Intended for healthcare professionals

Editor's Choice

Morality of convenience: the ongoing failure to protect hospitals and health workers in conflict zones

BMJ 2023; 383 doi: (Published 16 November 2023) Cite this as: BMJ 2023;383:p2681
  1. Kamran Abbasi, editor in chief
  1. The BMJ
  1. kabbasi{at}
    Follow Kamran on Twitter @KamranAbbasi

Tedros Adhanom Ghebreyesus, director general of the World Health Organization, is pleading for protection of health facilities, health professionals, and vulnerable people (doi:10.1136/bmj.p2656).1 He is being ignored, as are the many sensible voices supporting an urgent ceasefire and peace in Gaza. These include the pope and the archbishop of Canterbury ( They include Jews and Muslims, and people of all faiths, races, and nationalities (doi:10.1136/bmj.p2645).4

Very many people understand that a peaceful resolution respecting the rights of both Israelis and Palestinians is the best path. The US and the UK are belatedly lobbying Israel for restraint ( Today’s wars and conflicts pay scant heed to the Geneva Conventions. They care little for deaths of civilians, attacks on humanitarian workers, or targeting of health facilities and health professionals. The political lobbies, propaganda machines, and misinformation campaigns are mobilised to obfuscate, manipulate, and justify. The means are seemingly justified by the goal. Civilian deaths are “collateral damage.” Hospitals are “legitimate targets.”

The world order has utterly failed civilians, health professionals, and humanitarian workers. These groups are protected by the fourth Geneva Convention, one of the universally agreed legal standards for humanitarian treatment in war ( The Geneva Conventions are an expression of our humanity and are arguably the most important agreements in our shared history. They demand fair treatment of injured and imprisoned combatants and non-combatants in a conflict. That is the demand, that is the binding agreement—the reality is very different.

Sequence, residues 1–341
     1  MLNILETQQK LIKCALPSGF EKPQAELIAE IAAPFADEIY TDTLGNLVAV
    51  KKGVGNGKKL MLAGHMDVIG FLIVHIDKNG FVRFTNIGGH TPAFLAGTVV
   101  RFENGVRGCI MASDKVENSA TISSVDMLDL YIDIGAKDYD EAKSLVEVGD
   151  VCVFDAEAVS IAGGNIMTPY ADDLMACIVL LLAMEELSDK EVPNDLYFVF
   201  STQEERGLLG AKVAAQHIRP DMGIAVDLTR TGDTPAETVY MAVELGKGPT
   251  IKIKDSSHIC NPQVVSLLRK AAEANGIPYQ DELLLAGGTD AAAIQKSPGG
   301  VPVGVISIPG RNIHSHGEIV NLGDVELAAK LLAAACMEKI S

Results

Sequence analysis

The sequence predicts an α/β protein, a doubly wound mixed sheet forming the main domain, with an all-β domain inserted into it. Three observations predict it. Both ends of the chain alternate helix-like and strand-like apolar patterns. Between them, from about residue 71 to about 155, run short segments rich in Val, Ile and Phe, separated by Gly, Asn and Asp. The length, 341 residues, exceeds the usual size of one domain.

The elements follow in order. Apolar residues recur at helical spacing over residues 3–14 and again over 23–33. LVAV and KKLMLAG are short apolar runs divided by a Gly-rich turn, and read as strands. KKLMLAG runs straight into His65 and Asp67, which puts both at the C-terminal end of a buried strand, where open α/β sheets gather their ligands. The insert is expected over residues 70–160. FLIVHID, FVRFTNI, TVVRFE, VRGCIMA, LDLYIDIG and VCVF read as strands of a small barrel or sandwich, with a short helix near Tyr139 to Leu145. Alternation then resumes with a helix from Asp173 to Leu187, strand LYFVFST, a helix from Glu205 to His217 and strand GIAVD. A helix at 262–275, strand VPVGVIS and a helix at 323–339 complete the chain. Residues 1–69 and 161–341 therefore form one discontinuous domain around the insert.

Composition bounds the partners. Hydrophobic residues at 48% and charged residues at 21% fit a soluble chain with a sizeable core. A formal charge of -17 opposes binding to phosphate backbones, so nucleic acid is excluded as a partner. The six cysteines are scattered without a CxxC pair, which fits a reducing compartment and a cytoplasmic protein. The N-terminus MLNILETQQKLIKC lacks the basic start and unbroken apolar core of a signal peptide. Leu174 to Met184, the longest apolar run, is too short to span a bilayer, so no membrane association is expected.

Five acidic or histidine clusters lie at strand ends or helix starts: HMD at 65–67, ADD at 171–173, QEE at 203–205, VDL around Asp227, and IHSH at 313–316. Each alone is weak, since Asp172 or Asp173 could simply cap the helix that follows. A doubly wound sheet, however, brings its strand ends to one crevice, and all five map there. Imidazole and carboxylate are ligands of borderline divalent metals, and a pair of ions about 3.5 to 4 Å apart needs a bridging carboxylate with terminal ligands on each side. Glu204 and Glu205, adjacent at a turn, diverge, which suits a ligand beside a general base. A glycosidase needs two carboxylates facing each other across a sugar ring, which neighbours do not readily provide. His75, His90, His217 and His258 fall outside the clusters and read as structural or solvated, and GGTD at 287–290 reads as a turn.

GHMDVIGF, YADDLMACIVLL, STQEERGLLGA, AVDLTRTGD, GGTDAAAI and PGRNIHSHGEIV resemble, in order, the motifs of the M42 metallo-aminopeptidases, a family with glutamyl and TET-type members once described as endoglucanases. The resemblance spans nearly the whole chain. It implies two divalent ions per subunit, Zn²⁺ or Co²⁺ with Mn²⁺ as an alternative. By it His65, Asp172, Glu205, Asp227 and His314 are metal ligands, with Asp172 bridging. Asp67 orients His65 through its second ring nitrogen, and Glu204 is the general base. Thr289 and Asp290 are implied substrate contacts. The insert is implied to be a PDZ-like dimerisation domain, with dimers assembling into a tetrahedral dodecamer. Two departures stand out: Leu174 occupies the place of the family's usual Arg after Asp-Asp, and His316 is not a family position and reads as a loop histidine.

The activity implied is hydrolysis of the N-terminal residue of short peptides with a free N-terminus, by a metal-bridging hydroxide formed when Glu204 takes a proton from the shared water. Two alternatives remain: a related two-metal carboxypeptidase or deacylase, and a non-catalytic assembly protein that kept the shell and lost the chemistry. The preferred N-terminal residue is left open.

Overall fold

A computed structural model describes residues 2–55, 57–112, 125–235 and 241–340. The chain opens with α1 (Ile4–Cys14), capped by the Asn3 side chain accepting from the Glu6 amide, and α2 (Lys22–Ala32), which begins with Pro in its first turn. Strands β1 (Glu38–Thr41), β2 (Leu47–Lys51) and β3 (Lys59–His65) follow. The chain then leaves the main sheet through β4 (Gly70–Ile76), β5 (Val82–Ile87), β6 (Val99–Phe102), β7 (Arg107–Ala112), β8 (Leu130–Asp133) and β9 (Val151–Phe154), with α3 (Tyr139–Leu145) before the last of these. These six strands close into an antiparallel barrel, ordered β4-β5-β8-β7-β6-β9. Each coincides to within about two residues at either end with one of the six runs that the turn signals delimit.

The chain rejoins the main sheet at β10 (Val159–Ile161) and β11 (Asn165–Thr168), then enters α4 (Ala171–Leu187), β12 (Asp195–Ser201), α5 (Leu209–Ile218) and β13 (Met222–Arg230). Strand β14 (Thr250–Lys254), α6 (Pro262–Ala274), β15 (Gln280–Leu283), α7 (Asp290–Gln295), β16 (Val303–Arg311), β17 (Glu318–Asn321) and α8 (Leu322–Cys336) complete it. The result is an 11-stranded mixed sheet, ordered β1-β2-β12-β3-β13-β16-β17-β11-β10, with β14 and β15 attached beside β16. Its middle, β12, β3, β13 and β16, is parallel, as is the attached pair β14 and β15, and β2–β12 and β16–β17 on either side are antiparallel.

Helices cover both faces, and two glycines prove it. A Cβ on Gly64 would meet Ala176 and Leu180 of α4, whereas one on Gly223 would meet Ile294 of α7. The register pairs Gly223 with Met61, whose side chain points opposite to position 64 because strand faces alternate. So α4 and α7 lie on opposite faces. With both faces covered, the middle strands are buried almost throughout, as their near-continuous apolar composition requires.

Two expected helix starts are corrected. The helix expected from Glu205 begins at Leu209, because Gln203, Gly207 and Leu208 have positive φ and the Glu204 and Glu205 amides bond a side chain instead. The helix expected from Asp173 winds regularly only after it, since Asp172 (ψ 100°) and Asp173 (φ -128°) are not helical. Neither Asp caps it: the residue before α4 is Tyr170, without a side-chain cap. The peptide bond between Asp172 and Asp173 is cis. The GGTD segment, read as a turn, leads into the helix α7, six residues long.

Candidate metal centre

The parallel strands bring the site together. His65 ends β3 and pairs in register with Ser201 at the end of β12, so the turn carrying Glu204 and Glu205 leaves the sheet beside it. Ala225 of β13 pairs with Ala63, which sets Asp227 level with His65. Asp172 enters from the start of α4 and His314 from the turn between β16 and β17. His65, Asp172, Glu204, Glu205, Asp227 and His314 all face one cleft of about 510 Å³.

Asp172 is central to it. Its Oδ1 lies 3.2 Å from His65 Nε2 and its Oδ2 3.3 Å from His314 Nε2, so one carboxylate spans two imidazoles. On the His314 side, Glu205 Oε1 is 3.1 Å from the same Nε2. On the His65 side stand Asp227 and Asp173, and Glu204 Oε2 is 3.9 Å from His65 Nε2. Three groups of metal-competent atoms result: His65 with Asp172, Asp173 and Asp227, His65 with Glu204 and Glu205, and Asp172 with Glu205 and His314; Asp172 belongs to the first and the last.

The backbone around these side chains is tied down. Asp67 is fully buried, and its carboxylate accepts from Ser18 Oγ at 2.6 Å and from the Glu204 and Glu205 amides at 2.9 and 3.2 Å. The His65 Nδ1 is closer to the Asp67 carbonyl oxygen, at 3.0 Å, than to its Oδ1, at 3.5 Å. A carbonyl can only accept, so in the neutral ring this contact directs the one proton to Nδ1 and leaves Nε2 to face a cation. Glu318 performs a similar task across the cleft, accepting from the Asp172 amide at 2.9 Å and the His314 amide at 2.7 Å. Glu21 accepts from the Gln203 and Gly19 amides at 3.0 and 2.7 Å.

As the death toll in Gaza rises to over 11 000, after at least 1200 terrorist killings in Israel, the United Nations and aid agencies are calling for an immediate end to the “collective punishment” of Palestinians in Gaza (doi:10.1136/bmj.p2383,78 and the chief prosecutor at the International Criminal Court is investigating war crimes by Israel and Hamas ( Both Israel and Hamas must be held accountable.

Attacks on hospitals and their staff are now commonplace in conflict, an instrument of battle, conducted with impunity and invariably unpunished. Syria, Sudan, Ukraine, and Gaza are just the latest examples (doi:10.1136/bmj.p892 doi:10.1136/bmj.p451).1011 These attacks are an inhumane but constant accompaniment to war. Doctors and nurses, patients, babies in incubators ( are not responsible for armed forces seizing control of hospitals and hiding in catacombs.12

And here is where the international order has failed consistently—not just in Gaza. It has failed to prevent and limit conflicts. It has failed to safeguard vulnerable and protected people in conflict zones, partly because nations such as the US and UK have lost moral authority through their own wars, partly because other powerful nations such as China, India, and Russia are motivated by political advantage rather than global solidarity, partly because prosecuting war crimes has proved complex and near impossible—and partly, too, because many medical leaders of national medical associations and professional colleges and societies remain silent or hesitate to speak.

Bold, humane, and principled leadership is required to remake the international order, to strengthen humanitarian laws, to end targeting of health facilities and staff in vulnerable conflict zones, to force a global consensus, and, importantly, to hold political leaders and nations accountable ( Peace must be the vision and the ultimate goal.

Unfortunately, bold, humane, and principled political leaders are what the world is lacking, especially among the major powers that originally shaped the very humanitarian laws that are now too often ignored ( Political expediency comes before the lives of doctors, patients, and innocent civilians. It is, on the face of it, a morality of convenience. Our moral, non-negotiable, duty must be to support and ensure the protection of health facilities, health professionals, and vulnerable people in conflict zones.